Wow, finally a blog post. I’ll get around to posting my thoughts on the overall campaign soon, but to tide you over, here is an article from Bruce Owen from today’s freep, and my reply:
Winnipeg Free Press – ONLINE EDITION
The Tories, Crowns and taxes
By: Bruce Owen
Posted: 09/12/2011 1:09 PM | Comments: 0 (including replies)g
This is a tough one to get your head around.
It’s an even tougher one for the Tories to sell to voters in a few sound bites.
On the one side, you have Hugh McFadyen’s Progressive Conservatives accusing the NDP of playing a shell game with the province’s finances and the other you have Auditor General Carol Bellringer saying otherwise.
McFadyen says the books are in such bad shape, the NDP have no alternative but to raise taxes to raise more revenue if they want to balance the budget by 2014.
McFadyen says if he becomes premier, his Tories won’t be able to balance the budget until 2018. Those four extra years will avoid a tax increase by reducing spending.
The NDP refute this, saying they are ahead of track on balancing the books, mostly because of Manitoba’s healthy economy.
Last week, I spent 20 minutes on the phone with Eric Stefanson, former finance minister under Gary Filmon’s Tory government in the 1990s.
He explained, patiently, why this is such an important issue for the Tories and should be for Manitobans.
The PCs also supplied the paperwork to support this, and Stefanson guided me through it.
The difference has to do with what’s called the core budget—the taxpayer-supported budget that deals with direct government services like healthcare, justice and education—and the summary budget, the budget that includes everything else under the government umbrella, like school divisions, universities and Crown corporations.
The smoking gun for the Tories is on page 4, Details and Reconciliation to Core Government Results. The blood on the floor is money moved from Manitoba Hydro ($150 million) and the Workers Compensation Board ($64.1 million) into the summary budget.
According to Stefanson, those combined payments ($191.8 million) went to improve the province’s bottom line and reduce the summary deficit, which sits at about $298 million.
“They really are not part of the core government,” Stefanson said of the Crowns. “They really are funded by ratepayers.”
Without that $191.8 million, the deficit is actually almost $490 million, Stefanson said.
Stefanson’s second point was on another page, Loans and Advances. In particular, loans and advances to Crown organizations and enterprises like Manitoba’s post secondary institutions.
The money, roughly $400 million, will only be repaid to government through future appropriations, according a note at the bottom of page 114 of the Summary Financial Statements.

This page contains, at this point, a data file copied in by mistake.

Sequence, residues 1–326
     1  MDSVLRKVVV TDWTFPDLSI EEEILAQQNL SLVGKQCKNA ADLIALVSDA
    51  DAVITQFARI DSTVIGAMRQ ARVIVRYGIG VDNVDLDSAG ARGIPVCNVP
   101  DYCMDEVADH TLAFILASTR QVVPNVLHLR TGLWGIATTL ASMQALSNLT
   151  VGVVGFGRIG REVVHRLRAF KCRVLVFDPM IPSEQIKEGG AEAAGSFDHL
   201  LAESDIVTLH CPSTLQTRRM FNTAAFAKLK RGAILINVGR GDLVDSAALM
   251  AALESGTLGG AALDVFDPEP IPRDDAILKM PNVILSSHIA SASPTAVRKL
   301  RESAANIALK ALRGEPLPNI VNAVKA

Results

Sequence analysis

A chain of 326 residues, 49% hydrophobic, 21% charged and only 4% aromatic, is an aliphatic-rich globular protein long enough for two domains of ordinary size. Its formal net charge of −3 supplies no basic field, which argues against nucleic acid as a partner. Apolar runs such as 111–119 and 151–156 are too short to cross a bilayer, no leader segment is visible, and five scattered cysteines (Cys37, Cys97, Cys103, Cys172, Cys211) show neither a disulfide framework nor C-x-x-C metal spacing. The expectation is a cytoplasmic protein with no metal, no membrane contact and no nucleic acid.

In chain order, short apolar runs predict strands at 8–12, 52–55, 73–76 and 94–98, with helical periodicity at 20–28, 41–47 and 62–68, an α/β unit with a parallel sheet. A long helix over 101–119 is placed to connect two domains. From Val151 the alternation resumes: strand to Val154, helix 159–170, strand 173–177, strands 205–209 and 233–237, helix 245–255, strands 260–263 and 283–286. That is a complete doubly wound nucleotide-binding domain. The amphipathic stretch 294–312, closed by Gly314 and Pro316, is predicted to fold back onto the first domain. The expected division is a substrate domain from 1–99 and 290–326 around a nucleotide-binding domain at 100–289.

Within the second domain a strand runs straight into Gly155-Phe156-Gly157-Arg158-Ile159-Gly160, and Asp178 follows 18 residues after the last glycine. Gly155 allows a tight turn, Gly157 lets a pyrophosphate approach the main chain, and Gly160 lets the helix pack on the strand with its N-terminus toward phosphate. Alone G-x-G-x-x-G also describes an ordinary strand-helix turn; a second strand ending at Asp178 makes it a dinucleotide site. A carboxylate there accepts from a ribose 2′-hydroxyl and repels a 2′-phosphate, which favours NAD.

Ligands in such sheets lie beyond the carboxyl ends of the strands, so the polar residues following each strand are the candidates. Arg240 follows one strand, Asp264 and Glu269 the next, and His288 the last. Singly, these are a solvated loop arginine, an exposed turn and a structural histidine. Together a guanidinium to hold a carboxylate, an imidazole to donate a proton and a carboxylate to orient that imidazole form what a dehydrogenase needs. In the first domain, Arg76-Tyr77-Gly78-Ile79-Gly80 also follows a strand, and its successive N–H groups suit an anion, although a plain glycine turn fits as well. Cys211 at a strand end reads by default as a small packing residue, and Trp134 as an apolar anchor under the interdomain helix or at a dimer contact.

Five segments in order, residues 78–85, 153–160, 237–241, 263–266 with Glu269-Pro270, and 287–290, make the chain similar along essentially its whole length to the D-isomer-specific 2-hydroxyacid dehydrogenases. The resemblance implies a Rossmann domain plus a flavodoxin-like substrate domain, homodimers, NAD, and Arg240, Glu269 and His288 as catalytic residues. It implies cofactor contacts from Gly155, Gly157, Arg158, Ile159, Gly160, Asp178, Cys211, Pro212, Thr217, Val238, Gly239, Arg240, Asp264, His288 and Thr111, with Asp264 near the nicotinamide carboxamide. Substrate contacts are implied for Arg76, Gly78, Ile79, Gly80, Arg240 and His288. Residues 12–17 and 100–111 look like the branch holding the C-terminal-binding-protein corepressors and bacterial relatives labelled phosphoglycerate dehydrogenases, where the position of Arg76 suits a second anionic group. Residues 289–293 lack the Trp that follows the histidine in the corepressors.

“What should be really important, I think, to Manitobans is this distinction,” Stefanson said. “These advances, by and large, can only be funded in one way, because we’re running deficits, they’re being funded by debt. “I think what gets lost sight of, which is really the most important issue, is what’s the impact to the taxpayers of Manitoba. What’s happening to the real deficit? What’s happening to debt in Manitoba?
“You look at the gap that has to be closed, it can’t be done without increasing taxes.”
Then there’s the impact of the flood fight on the books plus the future of federal equalization payments to Manitoba. Then there’s the economy, and how much of it is actually driven by public sector spending, he said.
“That can’t go on forever. You can’t keep mounting debt indefinitely without repaying it. Nobody can. No government can
Stefanson is right on. Although the NDP will tell you different, they are playing a shell game. Would you say your annual household budget is balanced if you are $50K in debt, but have $50K in RRSPs? Of course not, but that’s what the NDP is doing.
One other very important point – when the conservatives were in power and introduced balanced budget legislation they were applying this balanced budget legislation to the operating fund. Since the NDP has come in, they have moved to consolidated reporting. This form of reporting was recommended by the AG, which is fine; however, the NDP has used this form of reporting to apply the balanced budget legislation not to the operating fund but to the bottom line of the summary reporting.
What does this mean? While the conservatives were in compliance with the intent of the balanced budget legislation, the NDP has used surpluses from MPI and Hydro to allow them to run deficits in the operating fund and still claim they are in compliance with the balanced budget legislation, which IMHO is an outright lie.
Why haven’t the conservatives pushed hard on this? Why hasn’t the media dug into this? Why has your colleague Dan Lett become an NDP mouthpiece in his last column and forced you to explain it properly Mr. Owen?
Why does the media ( Free Press) refuse to do proper investigative journalism and provide proper information to Manitobans about NDP government actions?
Why has it not been reported that the real reason the NDP did not refund $60 Million in illegal photo radar tickets wasn’t because people pled guilty as then Minister Chomiak said, but because it would have caused them to be out of compliance with balanced budget legislation. Why wasn’t that question asked?
Why has it not been reported that the NDP grant to the U of W for the science complex ($25 M) had to be turned into a long-term loan as it would have caused them to be offside with respect to balanced budget legislation ( wouldn’t have anything to do with the fact the owner of your paper is the U of W’s chancellor, would it?)
The NDP is conducting a campaign of misinformation and lies and several Free Press reporters are complicit in it.